The family-oriented section of the Play Store is now offering up another free app of the week. When Google first started the giveaways, Daniel Tiger Daniel Tiger Grr-ific Feelings was the debut app. Toca Hair Salon 2 came next. This week we're looking at Dr. Panda & Toto's Treehouse.
FLIR has announced its second generation thermal camera smartphone add-on will be coming to Android in July. The FLIR ONE plugs into the microUSB port on your phone to provide thermal imaging at four times the resolution of the first generation version. That kind of technology doesn't come cheap, though. It'll run $249.99 when it ships next month.
Monument Valley remains one of the finest puzzle experiences on a mobile device, but it's unfortunately somewhat short. There's a little more to love today with the release of Ida's Dream, a chapter that was originally created for a charity promotion on iOS. You can get it for free if you've already purchased Monument Valley—no extra IAP required.
Luxe is a service that allows you to summon a valet to park your car when time or energy is low, something that many people probably won't consider using due to either reluctance to paying for this sort of thing or because they don't live in an area where it just isn't very hard to park for yourself. The name itself screams, "This is a want, not a need" (also, luxury).
Amazon's latest app giveaway is worth more than $50 and will remain available for the next week. As you can see in the hero image, some of the headliners include The Bard's Tale and Weather Live, though there are several more that may interest you. And while the super-popular Monument Valley has disappeared from the promotional page, it's free too. This is bigger and better (and longer-lasting) than its typical free daily deal, though it isn't their best ever. Beyond those already mentioned, you might want to pay special attention to Quell Memento and Alarm Clock Pro.
Here is the full list of what's on offer, all of them free for now:
Square Enix, listen to me: stop making Android ports. Please. You're really bad at it. All of these games, most of which are decades old and extremely expensive by mobile standards, are embarrassingly lacking in polish and features.
Take the latest, Dragon Quest VI. By all accounts it's a classic JRPG, and one that many never got to play in the west since the original Super NES version was only released in Japan. On Android it's fifteen bucks. It comes with zero Google Play Games features (no cloud saves!), has no compatibility with Bluetooth controllers or Android TV, and it doesn't even work in landscape mode.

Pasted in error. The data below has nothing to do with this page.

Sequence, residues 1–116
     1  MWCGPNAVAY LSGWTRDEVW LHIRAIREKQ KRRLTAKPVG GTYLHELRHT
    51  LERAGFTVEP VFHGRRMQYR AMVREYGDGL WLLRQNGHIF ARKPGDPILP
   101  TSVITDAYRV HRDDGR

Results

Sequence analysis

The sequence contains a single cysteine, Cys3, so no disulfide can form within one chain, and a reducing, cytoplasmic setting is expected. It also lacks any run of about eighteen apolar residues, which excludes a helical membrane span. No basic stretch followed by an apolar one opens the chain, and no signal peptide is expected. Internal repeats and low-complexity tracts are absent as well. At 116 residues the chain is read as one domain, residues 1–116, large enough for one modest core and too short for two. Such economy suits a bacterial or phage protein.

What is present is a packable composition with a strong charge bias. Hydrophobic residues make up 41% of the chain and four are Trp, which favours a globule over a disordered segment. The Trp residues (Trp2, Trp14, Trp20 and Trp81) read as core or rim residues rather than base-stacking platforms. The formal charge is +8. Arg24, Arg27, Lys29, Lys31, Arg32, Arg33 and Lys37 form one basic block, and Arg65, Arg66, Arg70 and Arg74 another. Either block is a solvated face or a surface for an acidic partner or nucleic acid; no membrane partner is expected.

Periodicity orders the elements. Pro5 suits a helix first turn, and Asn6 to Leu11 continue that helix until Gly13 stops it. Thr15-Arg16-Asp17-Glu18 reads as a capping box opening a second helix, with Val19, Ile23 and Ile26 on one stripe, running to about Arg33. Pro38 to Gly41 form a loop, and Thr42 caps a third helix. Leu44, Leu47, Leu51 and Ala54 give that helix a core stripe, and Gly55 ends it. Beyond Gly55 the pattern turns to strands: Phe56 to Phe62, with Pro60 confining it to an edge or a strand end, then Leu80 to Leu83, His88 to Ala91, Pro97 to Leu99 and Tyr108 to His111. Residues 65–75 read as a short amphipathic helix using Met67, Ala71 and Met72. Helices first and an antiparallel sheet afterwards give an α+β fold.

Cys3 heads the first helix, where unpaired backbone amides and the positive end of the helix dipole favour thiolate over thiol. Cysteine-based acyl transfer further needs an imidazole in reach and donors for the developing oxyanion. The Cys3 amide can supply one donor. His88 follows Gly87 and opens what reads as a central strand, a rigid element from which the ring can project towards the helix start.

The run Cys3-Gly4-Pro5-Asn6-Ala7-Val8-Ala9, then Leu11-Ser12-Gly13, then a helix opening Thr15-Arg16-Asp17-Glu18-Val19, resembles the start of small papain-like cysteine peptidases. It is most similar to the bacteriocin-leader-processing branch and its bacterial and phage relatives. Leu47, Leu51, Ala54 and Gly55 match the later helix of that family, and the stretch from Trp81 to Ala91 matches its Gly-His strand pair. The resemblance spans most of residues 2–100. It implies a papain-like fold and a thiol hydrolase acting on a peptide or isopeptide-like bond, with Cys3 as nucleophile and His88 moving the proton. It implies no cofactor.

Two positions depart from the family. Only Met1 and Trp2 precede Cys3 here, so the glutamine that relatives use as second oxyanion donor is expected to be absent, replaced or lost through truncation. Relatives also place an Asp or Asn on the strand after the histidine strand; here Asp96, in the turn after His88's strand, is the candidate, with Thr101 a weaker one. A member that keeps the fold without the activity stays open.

Yep, we're reviewing the iOS version. Don't worry, we're not planning on making a habit of this. Fallout Shelter is one of the only mobile games in recent years to garner true attention from the mainstream gaming press, and it has skyrocketed to the top of the App Store since its release. It is an exceptional case. Since an Android port is currently under development and the ETA unknown, I felt it would be best do a review now while the game is still fresh in the minds of many people, instead of waiting months to review something that would already be old.
HooToo makes some unique and versatile gadgets. These portable boxes include USB rechargeable batteries and tiny Wi-Fi routers: plug in a standard Ethernet connection, and you'll get your own wireless network - perfect for hotels that charge for slow Wi-Fi, or simply don't have good reception. They can also wirelessly share files from USB drives and (on at least some models) MicroSD cards. Today you can take 20% off the entire range of various HooToo TripMate gadgets with the coupon code "KT7JMSMB" on Amazon.
Here are the various models with the price after the discount:
Pity poor Sonic the Hedgehog. The guy is basically the Dallas Cowboys of the video game world: after gaining almost universal appeal in the 90s, his victories over the last few years have been few and fleeting. But SEGA isn't giving up on its blue mascot, if only because he's probably the only marketable franchise that isn't a Kickstarter campaign or a hyper-sexualized murder machine. So here we are, with a new Sonic game that sees one of the most iconic platforming stars in the world... aping mobile endless runners.
To be fair, Sonic as an endless runner makes a lot of sense, and Sonic Runners (a bit on the nose, ain't it?) does a good job blending the genre's standard single-tap controls with classic Sonic elements.